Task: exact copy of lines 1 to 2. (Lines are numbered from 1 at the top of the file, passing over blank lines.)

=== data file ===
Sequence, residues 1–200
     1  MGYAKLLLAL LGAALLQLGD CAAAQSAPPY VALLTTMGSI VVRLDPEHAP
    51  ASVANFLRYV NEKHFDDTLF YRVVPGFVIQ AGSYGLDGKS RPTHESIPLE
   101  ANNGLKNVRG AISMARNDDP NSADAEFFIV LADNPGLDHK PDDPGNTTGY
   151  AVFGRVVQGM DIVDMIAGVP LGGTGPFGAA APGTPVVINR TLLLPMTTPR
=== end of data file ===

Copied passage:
Sequence, residues 1–200
     1  MGYAKLLLAL LGAALLQLGD CAAAQSAPPY VALLTTMGSI VVRLDPEHAP